Say what you want about Suns’ GM Ryan McDonough... and believe me I’ve said some inflammatory things... but he has made a point of building through the draft and successfully acquired the means to do so.
The verdict is still out on whether his picks will develop into a core that can lead the Suns to a championship, but he’s given himself plenty of opportunities.
Since 2014, the Suns have made more first round selections than any other team in the NBA.
All 10 of those didn’t actually wear a Suns’ uniform.
Several of them were included in draft day trades... that ultimately landed the Suns a total of FIVE top 10 picks in the last three drafts.
More than any other team.
Here’s a detailed timeline of how McDonough went about acquiring all those picks.
Information courtesy BasketballReference.com
July 27, 2013: Traded Luis Scola to the Indiana Pacers for Gerald Green, Miles Plumlee and a 2014 1st round draft pick (Bogdan Bogdanovic was later selected).
October 25, 2013: Traded Shannon Brown, Marcin Gortat, Malcolm Lee and Kendall Marshall to the Washington Wizards for Emeka Okafor and a 2014 1st round draft pick (Tyler Ennis was later selected). Pick was top 12 protected.
PLUS THREE, FOUR & FIVE... MINUS INHERITED LAKERS PICK
February 19, 2015: As part of a three team trade, the Phoenix Suns traded Goran Dragic and Zoran Dragic to the Miami Heat; the Miami Heat traded Norris Cole, Justin Hamilton and Shawne Williams to the New Orleans Pelicans; the Miami Heat traded Danny Granger, a 2017 1st round draft pick and a 2021 1st round draft pick to the Phoenix Suns; and the New Orleans Pelicans traded John Salmons to the Phoenix Suns. 2017 1st round pick was top 7 protected. 2021 1st round pick is unprotected.
February 19, 2015: As part of a three team trade, the Phoenix Suns traded a 2018 1st round draft pick (Mikal Bridges was later selected) to the Philadelphia 76ers; the Phoenix Suns traded Tyler Ennis and Miles Plumlee to the Milwaukee Bucks; the Milwaukee Bucks traded Brandon Knight and Kendall Marshall to the Phoenix Suns; and the Philadelphia 76ers traded Michael Carter-Williams to the Milwaukee Bucks.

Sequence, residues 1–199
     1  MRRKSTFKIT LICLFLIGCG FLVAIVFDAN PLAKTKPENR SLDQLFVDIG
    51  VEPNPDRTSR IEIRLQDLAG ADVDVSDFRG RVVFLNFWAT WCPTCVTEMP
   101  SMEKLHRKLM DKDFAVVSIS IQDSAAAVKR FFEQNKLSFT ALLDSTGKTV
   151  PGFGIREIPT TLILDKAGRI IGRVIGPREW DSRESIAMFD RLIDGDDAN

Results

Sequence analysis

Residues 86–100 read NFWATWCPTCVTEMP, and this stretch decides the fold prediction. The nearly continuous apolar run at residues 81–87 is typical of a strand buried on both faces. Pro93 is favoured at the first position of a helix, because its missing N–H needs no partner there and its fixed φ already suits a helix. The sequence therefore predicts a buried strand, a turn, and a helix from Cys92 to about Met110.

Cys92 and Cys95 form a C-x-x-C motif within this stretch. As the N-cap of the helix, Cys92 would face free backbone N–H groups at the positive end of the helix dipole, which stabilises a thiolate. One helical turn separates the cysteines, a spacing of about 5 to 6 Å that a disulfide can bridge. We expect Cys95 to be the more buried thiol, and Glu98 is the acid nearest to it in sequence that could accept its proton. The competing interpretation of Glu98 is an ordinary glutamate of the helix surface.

February 19, 2015: As part of a 3-team trade, the Phoenix Suns traded Isaiah Thomas to the Boston Celtics; the Boston Celtics traded Tayshaun Prince to the Detroit Pistons; the Boston Celtics traded Marcus Thornton and a 2016 1st round draft pick (Skal Labissiere was later selected) to the Phoenix Suns; and the Detroit Pistons traded Gigi Datome and Jonas Jerebko to the Boston Celtics. Phoenix 2016 1st round pick received from Boston was Cleveland’s pick and was top 10 protected.
February 18, 2016: Traded Markieff Morris to the Washington Wizards for DeJuan Blair, Kris Humphries and a 2016 1st round draft pick (Georgios Papagiannis was later selected). 2016 1st round pick was top 9 protected.
November 7, 2017: Traded Eric Bledsoe to the Milwaukee Bucks for Greg Monroe, a 2018 2nd round draft pick and a 2019 1st round draft pick. Phoenix receives 2018 1st round pick if it falls between 11 & 16; 2019 if between 4 & 16; 2020 if outside top 7; and unprotected in 2021.
CASHED IN ONE, FIVE & SIX
June 23, 2016: Traded Bogdan Bogdanovic (2014 #27), Skal Labissiere (2016 #28), Georgios Papagiannis (2016 #13) and a 2020 2nd round draft pick to the Sacramento Kings for Marquese Chriss (2016 #8).
CASHED IN THREE & FOUR
June 21, 2018: Traded Zhaire Smith (2018 #16) and a 2021 1st round draft pick to the Philadelphia 76ers for Mikal Bridges (2018 #10). Philadelphia receives Miami 2021 1st round pick from Phoenix.
Interestingly enough, a lot of McDonough’s asset collection was the byproduct of making the best out of situations caused by his own mismanagement.
Marcin Gortat, Goran Dragic, Markieff Morris and Eric Bledsoe all left in the midst of broken relationships, bordering on contemptuous public displays. The fact that there was no love lost was well known, and McDonough even made what some perceived to be unnecessary parting shots in the form of acrid remarks.
But all four of those netted the Suns first round picks, and in the case of Dragic it was two.
Those extra picks gave him the ammunition he needed to trade up into the top 10 twice in three years to make an extra selection.
Now it’s just a case of whether Ryan’s lottery picks of Dragan Bender (2016 #4), Marquese Chriss (2016 #8), Josh Jackson (2017 #4), Deandre Ayton (2018 #1) and Mikal Bridges (2018 #10) will pan out.
So far Bender and Chriss have underwhelmed and Jackson’s rookie season was uneven, but fortune finally shining on the Suns with this year’s #1 selection might be the tipping point to return the Suns to relevancy.
The totality of McDonough’s trades is suspect.
Some would say he sold for pennies on the dollar in many cases.
But he also saved those pennies and put them back in the NBA’s version of a slot machine.
McDonough still has to show he knows how to construct a balanced NBA roster capable of winning games.
He needs to show that he can coax a big time free agent to come to the valley.
He still has to show he has learned his lessons regarding the handling of personnel and public relations.
His shaky draft record needs to be ameliorated by his 2017 and 2018 draftees.
His overall resume as Suns’ GM is shaky at best.
But one thing is readily apparent...
Ryan McDonough has made a concerted effort to give the Suns extra shots in the draft.
And he has succeeded.